The State on Monday┬áadmitted that the prosecution and the Magistrate who presided over a case in which a man was convicted of robbing Fidelity Cash Management Services of P5.5 million at Sir Seretse Khama Airport made “unpardonable mistakes”.
┬áThis emerged in an appeal application in which Skhumbuzo Mlotsha is challenging the findings of the Magistrate who had convicted him and the evidence of the prosecution witnesses.┬á
┬áMlotsha was sentenced to 11 years imprisonment by Magistrate Faith Dlamini Ngandu five years ago.
State attorney, Lesedi Seloka, told Lobatse High Court Judge Michael Leburu that they did not oppose the appeal on the basis of “unpardonable errors”, which he said were committed by both prosecution and trial Magistrate.
“With such commission of unpardonable errors, I shall therefore abide by the arguments of the counsel for the appellant,” said Seloka.┬á
The court heard that a state witness gave a certain inspector Kubas Fereias exhibits in the form of money and, according to the witness, the purpose was for him (Fereias) to count the said money. The money amounted to $2┬á550.
┬áAccording to the witness in question, the earlier exhibit package’s serial number was noted. This was done in the absence of Mlotsha as he had earlier on escaped from the police. Amazingly, the court was told, when the said money was tendered in Court, the new exhibit package now had $ 2┬á450.
“It will therefore follow that the new package and contents thereof were not acknowledged and signed by appellant. Similarly there is nothing on the record that the old exhibit package was shown to the court to make its own informed conclusion on the matter. My respectful view is that there are at least two disturbing features about the exhibit in question,” said Seloka.
┬áFirstly, the State lawyer said, whilst the exhibit was sealed and signed for Mlotsha, upon his initial arrest, the police proceeded to open it in his absence and before tendering it in Court during trial.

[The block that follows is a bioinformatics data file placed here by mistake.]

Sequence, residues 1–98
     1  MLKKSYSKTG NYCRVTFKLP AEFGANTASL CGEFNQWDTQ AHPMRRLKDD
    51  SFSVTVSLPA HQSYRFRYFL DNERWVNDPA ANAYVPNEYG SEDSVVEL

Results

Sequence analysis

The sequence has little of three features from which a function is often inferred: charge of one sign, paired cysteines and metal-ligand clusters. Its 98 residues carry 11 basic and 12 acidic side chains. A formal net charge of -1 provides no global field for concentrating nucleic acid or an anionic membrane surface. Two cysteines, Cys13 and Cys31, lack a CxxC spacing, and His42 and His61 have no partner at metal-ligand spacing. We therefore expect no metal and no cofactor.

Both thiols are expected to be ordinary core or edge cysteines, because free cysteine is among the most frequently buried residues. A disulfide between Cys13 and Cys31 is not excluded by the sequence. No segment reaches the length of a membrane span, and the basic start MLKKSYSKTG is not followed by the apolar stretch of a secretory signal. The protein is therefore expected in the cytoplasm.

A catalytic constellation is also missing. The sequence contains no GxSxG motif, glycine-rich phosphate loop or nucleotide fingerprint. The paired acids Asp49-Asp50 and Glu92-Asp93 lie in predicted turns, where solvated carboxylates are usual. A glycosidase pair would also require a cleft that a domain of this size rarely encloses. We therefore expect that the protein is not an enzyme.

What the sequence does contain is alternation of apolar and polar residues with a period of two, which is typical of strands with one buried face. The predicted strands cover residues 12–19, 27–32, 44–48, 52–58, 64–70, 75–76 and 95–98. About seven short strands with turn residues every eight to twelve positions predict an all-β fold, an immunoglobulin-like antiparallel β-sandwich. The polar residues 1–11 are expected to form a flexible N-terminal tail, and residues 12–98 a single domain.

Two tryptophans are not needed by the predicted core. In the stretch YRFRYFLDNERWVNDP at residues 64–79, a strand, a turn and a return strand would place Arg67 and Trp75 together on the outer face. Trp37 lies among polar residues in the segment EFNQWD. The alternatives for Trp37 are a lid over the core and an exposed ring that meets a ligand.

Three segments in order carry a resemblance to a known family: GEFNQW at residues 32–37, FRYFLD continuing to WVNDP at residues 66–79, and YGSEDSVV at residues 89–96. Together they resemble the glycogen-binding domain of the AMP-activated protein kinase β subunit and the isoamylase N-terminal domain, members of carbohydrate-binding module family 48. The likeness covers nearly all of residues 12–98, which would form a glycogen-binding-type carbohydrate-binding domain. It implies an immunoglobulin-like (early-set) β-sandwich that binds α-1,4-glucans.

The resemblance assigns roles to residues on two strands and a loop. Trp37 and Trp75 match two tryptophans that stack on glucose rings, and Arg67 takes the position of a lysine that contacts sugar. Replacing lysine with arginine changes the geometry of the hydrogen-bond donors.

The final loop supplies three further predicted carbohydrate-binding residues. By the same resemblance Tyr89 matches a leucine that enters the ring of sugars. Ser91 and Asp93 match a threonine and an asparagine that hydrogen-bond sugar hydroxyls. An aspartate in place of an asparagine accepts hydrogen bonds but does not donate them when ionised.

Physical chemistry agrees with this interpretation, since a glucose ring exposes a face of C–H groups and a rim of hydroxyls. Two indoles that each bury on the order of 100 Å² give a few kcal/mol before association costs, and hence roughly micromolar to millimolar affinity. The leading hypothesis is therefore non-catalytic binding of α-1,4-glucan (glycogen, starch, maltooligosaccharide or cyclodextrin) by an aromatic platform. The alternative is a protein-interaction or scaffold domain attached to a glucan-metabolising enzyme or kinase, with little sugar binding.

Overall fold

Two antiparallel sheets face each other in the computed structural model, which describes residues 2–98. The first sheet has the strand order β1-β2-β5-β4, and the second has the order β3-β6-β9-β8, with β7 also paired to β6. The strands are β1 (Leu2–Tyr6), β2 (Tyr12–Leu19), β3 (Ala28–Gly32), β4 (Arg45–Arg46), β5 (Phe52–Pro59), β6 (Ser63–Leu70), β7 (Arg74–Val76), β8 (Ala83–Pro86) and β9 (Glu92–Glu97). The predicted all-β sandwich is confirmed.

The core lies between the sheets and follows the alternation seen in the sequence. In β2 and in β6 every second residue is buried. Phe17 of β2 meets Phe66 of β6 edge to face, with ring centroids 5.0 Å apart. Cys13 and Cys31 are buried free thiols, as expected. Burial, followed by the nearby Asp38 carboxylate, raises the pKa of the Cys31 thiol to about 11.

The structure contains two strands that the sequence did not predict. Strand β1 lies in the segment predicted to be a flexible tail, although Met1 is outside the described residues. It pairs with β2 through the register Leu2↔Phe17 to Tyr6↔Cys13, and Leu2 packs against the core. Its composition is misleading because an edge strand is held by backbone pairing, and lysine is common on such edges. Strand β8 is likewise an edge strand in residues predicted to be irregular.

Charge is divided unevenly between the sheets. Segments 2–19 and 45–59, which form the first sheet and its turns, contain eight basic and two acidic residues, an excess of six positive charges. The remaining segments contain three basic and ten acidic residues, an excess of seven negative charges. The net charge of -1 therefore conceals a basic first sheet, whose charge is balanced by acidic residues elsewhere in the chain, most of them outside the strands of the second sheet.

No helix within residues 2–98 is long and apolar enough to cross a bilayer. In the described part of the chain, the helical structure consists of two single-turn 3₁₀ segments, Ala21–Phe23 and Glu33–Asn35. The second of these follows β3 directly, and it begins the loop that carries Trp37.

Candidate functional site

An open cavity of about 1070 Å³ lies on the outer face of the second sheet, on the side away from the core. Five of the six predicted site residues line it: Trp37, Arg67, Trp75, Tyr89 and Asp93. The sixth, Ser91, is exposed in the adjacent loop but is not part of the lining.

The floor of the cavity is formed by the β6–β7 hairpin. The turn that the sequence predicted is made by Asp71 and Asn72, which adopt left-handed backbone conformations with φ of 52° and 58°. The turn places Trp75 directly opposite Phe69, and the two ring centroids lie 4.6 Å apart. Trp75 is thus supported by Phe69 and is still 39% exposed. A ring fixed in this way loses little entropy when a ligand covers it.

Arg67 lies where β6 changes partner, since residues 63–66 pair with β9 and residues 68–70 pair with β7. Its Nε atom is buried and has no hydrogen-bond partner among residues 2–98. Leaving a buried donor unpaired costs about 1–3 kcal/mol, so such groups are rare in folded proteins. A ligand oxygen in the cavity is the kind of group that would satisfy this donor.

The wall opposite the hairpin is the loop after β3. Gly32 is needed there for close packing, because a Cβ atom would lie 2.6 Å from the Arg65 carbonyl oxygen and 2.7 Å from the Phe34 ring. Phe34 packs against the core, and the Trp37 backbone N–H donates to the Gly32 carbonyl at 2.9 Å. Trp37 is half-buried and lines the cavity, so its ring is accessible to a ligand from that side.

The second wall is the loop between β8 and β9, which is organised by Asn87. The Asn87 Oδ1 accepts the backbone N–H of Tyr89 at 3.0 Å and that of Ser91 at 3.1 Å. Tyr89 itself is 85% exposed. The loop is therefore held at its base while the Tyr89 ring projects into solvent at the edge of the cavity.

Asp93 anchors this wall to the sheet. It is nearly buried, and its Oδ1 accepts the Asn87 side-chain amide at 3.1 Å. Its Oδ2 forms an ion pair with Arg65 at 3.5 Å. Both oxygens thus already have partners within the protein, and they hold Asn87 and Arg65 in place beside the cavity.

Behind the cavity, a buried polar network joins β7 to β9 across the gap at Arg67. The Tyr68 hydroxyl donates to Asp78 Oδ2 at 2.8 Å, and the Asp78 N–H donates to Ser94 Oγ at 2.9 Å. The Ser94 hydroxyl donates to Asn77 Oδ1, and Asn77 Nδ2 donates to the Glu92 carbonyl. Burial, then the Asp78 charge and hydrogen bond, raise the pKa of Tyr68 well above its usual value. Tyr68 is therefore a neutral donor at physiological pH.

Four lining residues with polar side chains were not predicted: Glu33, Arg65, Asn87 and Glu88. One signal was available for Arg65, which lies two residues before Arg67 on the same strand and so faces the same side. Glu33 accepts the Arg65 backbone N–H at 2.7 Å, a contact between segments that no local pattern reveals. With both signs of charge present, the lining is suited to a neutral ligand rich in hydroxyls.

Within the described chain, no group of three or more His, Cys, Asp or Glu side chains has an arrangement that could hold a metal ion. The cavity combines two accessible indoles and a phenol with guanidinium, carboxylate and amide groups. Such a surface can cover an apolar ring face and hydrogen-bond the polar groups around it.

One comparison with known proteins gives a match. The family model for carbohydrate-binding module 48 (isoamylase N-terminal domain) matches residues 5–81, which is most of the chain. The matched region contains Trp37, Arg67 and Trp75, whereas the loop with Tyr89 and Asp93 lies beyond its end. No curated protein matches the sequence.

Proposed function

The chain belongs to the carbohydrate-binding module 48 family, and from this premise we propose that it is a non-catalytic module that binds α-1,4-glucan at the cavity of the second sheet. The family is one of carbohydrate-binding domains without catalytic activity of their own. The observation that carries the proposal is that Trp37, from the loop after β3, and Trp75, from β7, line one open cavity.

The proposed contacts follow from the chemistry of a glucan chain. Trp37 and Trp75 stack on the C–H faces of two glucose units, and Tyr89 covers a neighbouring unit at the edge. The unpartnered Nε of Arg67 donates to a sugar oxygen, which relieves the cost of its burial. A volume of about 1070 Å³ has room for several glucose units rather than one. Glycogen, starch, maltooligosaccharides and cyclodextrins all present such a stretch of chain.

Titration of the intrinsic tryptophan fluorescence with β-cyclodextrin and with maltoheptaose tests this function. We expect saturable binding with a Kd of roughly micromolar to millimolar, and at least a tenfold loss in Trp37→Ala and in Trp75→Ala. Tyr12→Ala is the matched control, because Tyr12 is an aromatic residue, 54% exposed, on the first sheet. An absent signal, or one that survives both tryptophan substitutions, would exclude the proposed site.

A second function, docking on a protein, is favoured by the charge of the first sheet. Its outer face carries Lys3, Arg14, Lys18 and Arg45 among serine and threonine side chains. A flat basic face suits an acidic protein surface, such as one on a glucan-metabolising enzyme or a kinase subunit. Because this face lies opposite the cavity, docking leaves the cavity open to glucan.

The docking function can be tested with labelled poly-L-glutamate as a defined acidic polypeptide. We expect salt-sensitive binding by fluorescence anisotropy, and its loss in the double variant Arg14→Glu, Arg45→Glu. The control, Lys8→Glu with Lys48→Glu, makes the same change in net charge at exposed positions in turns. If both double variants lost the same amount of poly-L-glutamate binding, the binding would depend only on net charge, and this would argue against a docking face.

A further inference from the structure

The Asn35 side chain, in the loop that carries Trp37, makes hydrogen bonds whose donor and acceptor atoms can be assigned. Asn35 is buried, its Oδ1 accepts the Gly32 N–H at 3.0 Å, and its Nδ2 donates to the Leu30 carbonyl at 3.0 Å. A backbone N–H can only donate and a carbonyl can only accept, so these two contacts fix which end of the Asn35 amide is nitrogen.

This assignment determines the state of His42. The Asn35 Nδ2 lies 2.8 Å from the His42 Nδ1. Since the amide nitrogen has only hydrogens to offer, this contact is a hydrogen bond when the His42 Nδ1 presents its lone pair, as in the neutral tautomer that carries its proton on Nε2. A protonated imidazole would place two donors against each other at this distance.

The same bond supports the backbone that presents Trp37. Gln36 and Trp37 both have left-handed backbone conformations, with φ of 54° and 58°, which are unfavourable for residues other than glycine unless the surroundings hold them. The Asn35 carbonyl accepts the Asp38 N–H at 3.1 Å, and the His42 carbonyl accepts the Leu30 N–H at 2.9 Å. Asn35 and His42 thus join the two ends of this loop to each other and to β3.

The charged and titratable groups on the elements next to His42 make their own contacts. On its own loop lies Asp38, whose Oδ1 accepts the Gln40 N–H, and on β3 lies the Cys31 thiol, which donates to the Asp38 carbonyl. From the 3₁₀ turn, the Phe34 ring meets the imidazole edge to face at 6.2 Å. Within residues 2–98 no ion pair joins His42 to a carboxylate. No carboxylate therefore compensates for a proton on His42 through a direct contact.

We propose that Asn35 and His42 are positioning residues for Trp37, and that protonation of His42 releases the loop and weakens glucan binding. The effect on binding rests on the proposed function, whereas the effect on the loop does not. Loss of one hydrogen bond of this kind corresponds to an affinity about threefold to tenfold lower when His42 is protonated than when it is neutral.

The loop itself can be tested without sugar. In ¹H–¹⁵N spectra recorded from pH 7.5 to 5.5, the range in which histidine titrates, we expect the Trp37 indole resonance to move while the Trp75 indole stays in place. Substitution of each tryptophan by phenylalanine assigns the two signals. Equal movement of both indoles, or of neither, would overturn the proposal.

“It’s apparent that it was at this juncture that the police recorded the serial number of the money in question,” said Seloka.
The second thing, Seloka said, is that upon opening the new exhibit package, this time around in court, the money had a shortfall of $100.
He also agreed with Mlotsha’s lawyers that an individual from Travelex London Bank, who had dispatched money from London which was later robbed prior to its circulation to the public, was never called as a witness to come and testify.
“The fax was admitted as evidence and connected the appellant to the offences among other inferences as found by the Magistrate, but all that was attributed to him as source of information was inadmissible hearsay,” Seloka agreed with Mlotsha’s lawyers.
The result is that Seloka said he found himself hamstrung in defending the conduct of one of the state witnesses and inspector Kubas Fereias in the handling of the exhibits comprising money recovered from Mlotsha.
Earlier on, Mlotsha’s lawyer, Wellington Mhebere of Obonye Jonas Attorneys had argued that the fax from Travelex Bank London should not have been admitted in court as evidence because the authentication of such a document as required by law was not complied with.┬á He had also argued that it was unacceptable for Fereias to have opened the exhibit in the absence of Mlotsha. He prayed that the sentence and conviction by the Magistrate Court be set aside. The Court heard that the money in question was with the Serious Crime Squad. Seloka also conceded that if indeed Mlotsha had not distanced himself from the money during trial it should be returned to him.
┬áJustice Leburu is expected to deliver judgement on 10th April.
The facts of the case are that Mlotsha, Teboho Mafisa, Jeremiah Modise and two others who were not before court, on December 18, 2006 at SSKA acting together and in concert robbed employees of Fidelity Cash Management Services 800 000 US Dollars and 80 000 Euros which amounted to P5.5 million.
They used personal violence by assaulting and threatening employees of the said company by pointing guns at them before stealing the money.